Russian Spacecraft “Ceased to Exist”
Russia’s lunar dreams were set back on Saturday afternoon as its unmanned Luna-25 spacecraft lost control and crashed onto the Moon’s surface. As the country’s state-controlled space corporation Roscosmos put it, the lander “ceased to exist as a result of a collision with the surface of the moon”.
What happened: Russia’s first lunar mission since the days of the Soviet Union ended abruptly over the weekend. This underlines the struggling state of Russia’s space endeavors since the peak of the Cold War, when the Soviet Union pioneered human space travel.
- The mission faced a series of setbacks due to Russia’s dwindling space agency, struggling with financial constraints and increased isolation.
Luna-25’s liftoff took place earlier this month, carrying the hopes of becoming the first ever lunar craft to reach the Moon’s south pole.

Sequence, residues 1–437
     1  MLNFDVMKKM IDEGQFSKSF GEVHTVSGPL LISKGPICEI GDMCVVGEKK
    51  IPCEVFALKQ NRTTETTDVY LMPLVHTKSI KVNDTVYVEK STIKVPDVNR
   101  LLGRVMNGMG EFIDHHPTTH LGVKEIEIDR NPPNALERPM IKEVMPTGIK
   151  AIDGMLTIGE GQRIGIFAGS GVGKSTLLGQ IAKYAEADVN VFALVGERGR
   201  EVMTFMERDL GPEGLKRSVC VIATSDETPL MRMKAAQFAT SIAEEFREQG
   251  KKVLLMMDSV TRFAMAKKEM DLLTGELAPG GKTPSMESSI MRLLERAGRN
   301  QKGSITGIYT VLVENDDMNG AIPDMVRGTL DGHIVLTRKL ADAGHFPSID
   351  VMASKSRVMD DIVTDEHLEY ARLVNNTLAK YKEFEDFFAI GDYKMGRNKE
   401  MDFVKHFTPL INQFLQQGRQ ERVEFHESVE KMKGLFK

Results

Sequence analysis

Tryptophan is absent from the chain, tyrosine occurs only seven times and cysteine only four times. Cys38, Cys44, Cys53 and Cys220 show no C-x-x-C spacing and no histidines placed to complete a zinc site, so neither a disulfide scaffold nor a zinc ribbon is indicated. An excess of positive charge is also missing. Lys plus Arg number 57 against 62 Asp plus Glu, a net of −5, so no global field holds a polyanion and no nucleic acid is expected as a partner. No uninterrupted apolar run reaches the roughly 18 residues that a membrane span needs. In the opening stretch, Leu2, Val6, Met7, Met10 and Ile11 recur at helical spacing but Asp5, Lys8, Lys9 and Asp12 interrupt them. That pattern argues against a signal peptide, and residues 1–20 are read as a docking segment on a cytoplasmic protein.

What didn’t happen: Science. The lander was set to undertake a year-long exploration mission studying the Moon’s surface and exosphere.
- The plan was to sample ice at the lunar south pole to solve a cosmic chicken or egg question: what came first, the Moon autonomously or the Earth that then shattered from an extraterrestrial collision to create the Moon?
Unfortunately, the spacecraft veered off course around 100 kilometers above the Moon.
- Despite efforts to locate and re-establish communication with Luna-25, the line was as silent as space and the search yielded no results.
Looking ahead: This is unlikely to be the last lunar mission we’ll see this decade, as countries continue to eye the natural resources of the Moon and its potential as an efficient launch pad… more on this tomorrow.